You can also use the filter to select condition. This is useful, as new items will obviously tend to sell at a higher price than second hand.
The screen shot shows what this will look like.
I have found that if you’re not in a hurry you will get more for an item if you sell it at a fixed price – I tend to do this with higher end designer clothing. To sell items quickly it is generally better to opt for an auction. However, sometimes an auction will take off if several bidders are interested in a rare or unusual item. It is worth setting your start price quite high if you think this might be the case.
Even on lower priced items, I can’t see the point of going to all the time and trouble of listing something and then risking an auction ending at 99p! I always start auctions at the lowest price I would be happy to achieve.
If you are selling by auction, think about your timing and schedule your posts to end at peak periods. For example, it is better to time your auction to end on a Sunday at 8pm when people have time to browse rather than on a Monday at 10 am when they are all at work! eBay has a scheduling feature for this purpose.
Don’t be afraid to sell abroad. I have seen so many adverts stating that sellers will only post within the UK. Why? If you are going to the Post Office anyway it is no more complicated to post abroad.
You open up your potential customer base hugely by selling internationally. Do check what the postage cost will be first, though. You can use the Royal Mail Price Finder for this too.
Don’t be greedy with postage – customers aren’t stupid and will be put off buying if you are charging £10 P&P for an object that will only cost £3 to send.
On the other hand, don’t just guess the cost of larger, heavier items or you may find the postage is much more expensive that you anticipated. I learned this one the hard way!!
It’s worth becoming familiar with the Royal Mail’s pricing structures and checking what your item will cost to post BEFORE listing it.
For example, small parcels are quite cheap to post, but if you go over the 2kg weight limit suddenly become much more expensive. I usually weigh the item and check the Royal Mail price finder to get guidance on costs, then add a little extra for packaging.
I recommend sending your package using a signed for service if it is valuable. Check the level of insurance to make sure it will cover the full cost of the item should it go missing.
Even if you send by standard post, always get proof of postage in case the parcel goes astray. If this happens, you can refund your customer and get a refund from the Royal Mail to keep everyone happy.
You can, of course, use services other than Royal Mail. I sometimes use Collect+ if I am selling in the UK. However, I really rate the postage comparison site, Parcel Monkey. It has proved excellent for getting the best price on large or heavy items. I often find I can still send with Royal Mail with a huge reduction if I purchase through them.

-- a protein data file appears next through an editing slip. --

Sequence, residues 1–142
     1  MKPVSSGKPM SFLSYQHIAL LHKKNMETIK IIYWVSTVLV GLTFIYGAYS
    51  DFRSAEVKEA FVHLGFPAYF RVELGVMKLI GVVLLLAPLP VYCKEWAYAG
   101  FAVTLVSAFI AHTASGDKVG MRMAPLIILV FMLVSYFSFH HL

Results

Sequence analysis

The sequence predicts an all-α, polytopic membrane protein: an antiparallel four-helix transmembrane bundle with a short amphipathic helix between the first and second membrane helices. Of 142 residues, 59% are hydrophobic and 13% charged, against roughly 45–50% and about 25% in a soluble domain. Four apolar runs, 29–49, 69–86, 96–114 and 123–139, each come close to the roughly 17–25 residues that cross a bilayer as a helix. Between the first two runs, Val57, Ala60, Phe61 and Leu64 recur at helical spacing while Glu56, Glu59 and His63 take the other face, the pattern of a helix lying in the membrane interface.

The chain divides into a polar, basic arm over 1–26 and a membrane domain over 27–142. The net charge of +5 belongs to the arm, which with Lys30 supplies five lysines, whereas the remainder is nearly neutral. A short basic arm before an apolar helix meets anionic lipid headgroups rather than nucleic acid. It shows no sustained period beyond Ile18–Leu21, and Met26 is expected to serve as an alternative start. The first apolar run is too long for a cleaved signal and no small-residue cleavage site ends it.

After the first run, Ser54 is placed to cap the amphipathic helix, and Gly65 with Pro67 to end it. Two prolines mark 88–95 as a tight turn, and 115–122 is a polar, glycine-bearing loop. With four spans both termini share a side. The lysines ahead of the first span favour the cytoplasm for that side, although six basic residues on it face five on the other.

Please note – for items that will fit into a post box, you might prefer to buy labels online with the Royal Mail. This saves you a trip to the post office!
Take a bit of time to pack items carefully. Make sure you use lots of bubble wrap and a decent box if you are posting anything breakable. A roll of FRAGILE tape is a worthwhile purchase if you are selling a lot of homeware or toys.
When selling women’s clothing I wrap it in coloured tissue paper and pop it in a matching plastic envelope. Again, I buy these from eBay as I have found this to be the cheapest place for packaging materials.
Be organised in advance with your packaging. You don’t want a last minute panic trying to find something suitable.
You could also include a little message thanking the buyer for their purchase. Ask them to leave you positive feedback if they are happy with the item or to contact you before leaving negative feedback if not so that you can try to resolve any issues.
The power of feedback
If a customer is not happy with the item for any reason, don’t argue. If you want to make money selling your old stuff on eBay, you need good feedback.
In my opinion, it’s not worth risking your chance to build up some good feedback by quibbling over a return. eBay almost always sides with the buyer anyway! You can contact eBay customer services if you encounter difficult buyers or have had unfair feedback left for you. In some cases you can get this removed.
When you have had a good experience, don’t forget to leave positive feedback for your customer as well – it’s a two way process.
In addition, if you buy items on eBay be sure to leave reasonable feedback for the seller. Many are small businesses and it is hard for them when customers leave poor feedback without giving them the opportunity to put things right.
So, that is my advice on selling your old stuff on eBay, which I hope you will find helpful. Please feel free to add your helpful hints and tips!
Please note that this post is aimed at people selling their own things. If you are buying items with the intention of re-selling them, you do need to register as a business seller with eBay. Buyers are also covered under the Consumer Rights Act, the same as if you were a shop. More information is available here.